Join us for this year's Annual Jackman Lecture in the Humanities. This event is free and open to the public. The Annual Jackman Lecture in the Humanities was inaugurated in 2022-23 on the fifteenth anniversary of the founding of the Jackman Humanities Institute as a way to express our lasting gratitude for the support of the Honourable Henry N.R. Jackman for research in the humanities. This annual lecture features a leading humanist at the University of Toronto.
Remembering the 93: Sexual Violence, Ultra-Orthodox Memory, Performance will explore the story—fictional, as it turns out—of ninety-three Jewish girls that committed suicide rather than be taken as prostitutes by the Nazis, which is a staple of Bais Yaakov holocaust memory and performance culture. It follows on Professor Naomi Seidman's research into the girls’ school Bais Yaakov in Israel, which developed a lively and enduring culture of performance during the second half of the twentieth century. Seidman was a JHI 6-Month Faculty Research Fellow in 2022-23.
Naomi Seidman’s talk will be accompanied by Israeli vocalist and Bais Yaakov graduate Basya Schechter with two instrumental musicians. Hear the songs of Bais Yaakov in the acoustically lovely space of the Thomas Fisher Library! Basya Schechter is an American singer-songwriter, multi-instrumentalist, composer, producer, cantor, and music teacher. She is the lead singer and founder of the world/folk rock band Pharaoh's Daughter and has released two solo albums. She has also collaborated with the groups Darshan and The Epichorus. Raised in the Hasidic Jewish community of Borough Park, Schechter left Orthodoxy after high school but maintained a love for the traditional Jewish music of her youth. Her own music often blends concepts from Jewish music with a variety of styles and sounds from Eastern Europe, the Arab world, and Africa, among others.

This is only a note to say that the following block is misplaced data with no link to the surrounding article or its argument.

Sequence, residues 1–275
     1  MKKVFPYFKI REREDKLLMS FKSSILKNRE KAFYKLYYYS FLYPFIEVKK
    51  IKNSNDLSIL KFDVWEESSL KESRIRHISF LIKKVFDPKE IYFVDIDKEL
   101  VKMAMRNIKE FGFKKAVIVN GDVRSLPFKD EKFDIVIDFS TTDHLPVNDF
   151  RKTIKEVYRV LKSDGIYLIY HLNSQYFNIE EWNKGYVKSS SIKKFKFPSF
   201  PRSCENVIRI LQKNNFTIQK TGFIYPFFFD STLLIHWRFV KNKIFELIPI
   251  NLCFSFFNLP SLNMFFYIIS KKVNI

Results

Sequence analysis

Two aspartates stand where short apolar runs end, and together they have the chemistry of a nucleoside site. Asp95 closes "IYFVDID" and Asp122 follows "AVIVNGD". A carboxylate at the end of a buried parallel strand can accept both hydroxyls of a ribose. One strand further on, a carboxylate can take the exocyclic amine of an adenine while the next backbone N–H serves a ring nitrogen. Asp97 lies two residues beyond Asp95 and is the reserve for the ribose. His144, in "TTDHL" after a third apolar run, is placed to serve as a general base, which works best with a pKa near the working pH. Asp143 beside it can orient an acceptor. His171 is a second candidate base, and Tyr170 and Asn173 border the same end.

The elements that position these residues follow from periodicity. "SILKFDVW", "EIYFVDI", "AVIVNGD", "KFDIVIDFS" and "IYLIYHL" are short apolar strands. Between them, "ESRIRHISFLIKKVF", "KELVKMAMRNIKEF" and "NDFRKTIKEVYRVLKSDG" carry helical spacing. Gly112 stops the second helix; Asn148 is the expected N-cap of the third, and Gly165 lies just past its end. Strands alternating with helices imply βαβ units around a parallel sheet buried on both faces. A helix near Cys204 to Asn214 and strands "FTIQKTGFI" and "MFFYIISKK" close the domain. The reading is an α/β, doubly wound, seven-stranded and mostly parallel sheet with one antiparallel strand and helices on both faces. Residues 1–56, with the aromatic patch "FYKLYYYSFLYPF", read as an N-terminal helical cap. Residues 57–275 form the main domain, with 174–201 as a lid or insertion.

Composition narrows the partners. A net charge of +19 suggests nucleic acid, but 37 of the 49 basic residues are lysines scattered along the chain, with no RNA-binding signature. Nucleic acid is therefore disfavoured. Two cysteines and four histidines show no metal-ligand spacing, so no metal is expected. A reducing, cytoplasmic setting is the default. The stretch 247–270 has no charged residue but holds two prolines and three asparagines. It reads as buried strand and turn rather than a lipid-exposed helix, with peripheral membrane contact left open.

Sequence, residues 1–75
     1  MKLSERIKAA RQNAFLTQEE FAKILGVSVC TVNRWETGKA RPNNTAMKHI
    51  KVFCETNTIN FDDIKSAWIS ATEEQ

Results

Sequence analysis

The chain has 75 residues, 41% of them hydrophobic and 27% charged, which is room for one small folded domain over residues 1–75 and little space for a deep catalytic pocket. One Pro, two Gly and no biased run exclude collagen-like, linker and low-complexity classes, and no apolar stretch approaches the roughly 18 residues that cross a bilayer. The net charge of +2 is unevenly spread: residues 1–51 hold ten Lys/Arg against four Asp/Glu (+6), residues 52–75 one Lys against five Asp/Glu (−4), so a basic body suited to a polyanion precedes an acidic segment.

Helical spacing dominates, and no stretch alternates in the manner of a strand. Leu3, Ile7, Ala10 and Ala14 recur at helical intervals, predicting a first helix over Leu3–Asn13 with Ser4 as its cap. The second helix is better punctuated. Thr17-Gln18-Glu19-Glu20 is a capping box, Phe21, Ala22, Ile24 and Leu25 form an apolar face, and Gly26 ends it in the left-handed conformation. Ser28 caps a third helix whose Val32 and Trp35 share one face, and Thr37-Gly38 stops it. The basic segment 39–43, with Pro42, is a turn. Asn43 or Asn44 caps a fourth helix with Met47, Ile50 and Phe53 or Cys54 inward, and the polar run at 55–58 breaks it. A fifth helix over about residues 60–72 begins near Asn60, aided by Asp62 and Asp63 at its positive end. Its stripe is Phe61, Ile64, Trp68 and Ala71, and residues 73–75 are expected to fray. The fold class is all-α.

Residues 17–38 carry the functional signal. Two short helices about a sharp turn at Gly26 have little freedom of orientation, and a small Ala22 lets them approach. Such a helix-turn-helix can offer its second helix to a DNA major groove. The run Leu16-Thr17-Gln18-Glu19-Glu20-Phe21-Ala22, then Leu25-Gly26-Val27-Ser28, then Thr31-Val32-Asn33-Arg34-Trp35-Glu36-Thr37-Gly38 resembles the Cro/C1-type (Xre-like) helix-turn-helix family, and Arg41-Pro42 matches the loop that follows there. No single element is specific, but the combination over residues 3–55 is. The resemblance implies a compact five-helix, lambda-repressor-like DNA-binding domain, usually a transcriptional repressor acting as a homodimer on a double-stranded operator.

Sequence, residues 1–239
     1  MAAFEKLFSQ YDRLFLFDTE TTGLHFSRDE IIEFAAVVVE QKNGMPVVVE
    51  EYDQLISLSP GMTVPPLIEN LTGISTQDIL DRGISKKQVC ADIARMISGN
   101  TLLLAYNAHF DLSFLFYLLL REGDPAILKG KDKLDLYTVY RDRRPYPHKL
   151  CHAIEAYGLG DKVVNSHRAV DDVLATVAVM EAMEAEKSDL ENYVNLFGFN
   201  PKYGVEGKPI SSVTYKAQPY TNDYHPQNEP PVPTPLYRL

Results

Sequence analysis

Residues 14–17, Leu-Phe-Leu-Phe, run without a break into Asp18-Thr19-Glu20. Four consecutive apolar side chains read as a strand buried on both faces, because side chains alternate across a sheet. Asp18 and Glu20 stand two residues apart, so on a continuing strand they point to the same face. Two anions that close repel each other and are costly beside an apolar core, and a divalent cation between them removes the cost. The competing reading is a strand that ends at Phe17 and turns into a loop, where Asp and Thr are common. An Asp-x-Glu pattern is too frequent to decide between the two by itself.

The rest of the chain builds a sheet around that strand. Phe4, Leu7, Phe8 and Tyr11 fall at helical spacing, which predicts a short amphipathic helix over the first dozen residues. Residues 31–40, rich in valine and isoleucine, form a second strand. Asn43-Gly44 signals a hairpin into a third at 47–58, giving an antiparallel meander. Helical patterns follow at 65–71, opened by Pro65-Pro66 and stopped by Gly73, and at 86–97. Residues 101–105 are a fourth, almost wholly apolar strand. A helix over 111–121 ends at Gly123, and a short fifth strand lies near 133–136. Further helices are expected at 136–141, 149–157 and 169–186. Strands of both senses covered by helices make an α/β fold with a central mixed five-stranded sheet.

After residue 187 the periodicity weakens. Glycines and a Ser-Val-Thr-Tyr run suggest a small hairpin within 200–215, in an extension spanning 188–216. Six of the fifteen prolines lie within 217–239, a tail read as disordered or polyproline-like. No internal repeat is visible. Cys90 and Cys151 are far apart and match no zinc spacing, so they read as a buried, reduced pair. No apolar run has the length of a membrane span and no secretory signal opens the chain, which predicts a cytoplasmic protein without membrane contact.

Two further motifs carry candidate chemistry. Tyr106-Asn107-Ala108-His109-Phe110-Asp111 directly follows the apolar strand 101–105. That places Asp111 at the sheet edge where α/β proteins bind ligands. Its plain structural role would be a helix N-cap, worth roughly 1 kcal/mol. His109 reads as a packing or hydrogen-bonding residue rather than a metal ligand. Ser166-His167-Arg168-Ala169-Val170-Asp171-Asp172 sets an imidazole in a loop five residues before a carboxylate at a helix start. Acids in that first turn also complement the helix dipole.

Naomi Seidman is a Chancellor Jackman Professor of the Arts at the University of Toronto, in the Department for the Study of Religion and the Centre for Diaspora and Transnational Studies, and a 2016 Guggenheim Fellow. Her fourth book, Sarah Schenirer and the Bais Yaakov Movement: A Revolution in the Name of Tradition, won a National Jewish Book Award in Women's Studies in 2019. Her fifth, In the Freud Closet: Psychoanalysis and Jewish Languages, is forthcoming from Stanford University Press. Her podcast on leaving the ultra-Orthodox Jewish world, Heretic in the House, was released by the Shalom Hartman Institute of North America in 2022.
Photo: Beis Yaakov students perform in a play called "Joseph and His Brothers." United States Holocaust Memorial Museum Photo Archives #49593. Courtesy of Esther Wagner. Copyright of United States Holocaust Memorial Museum.
Tickets are free, but we do ask that you register.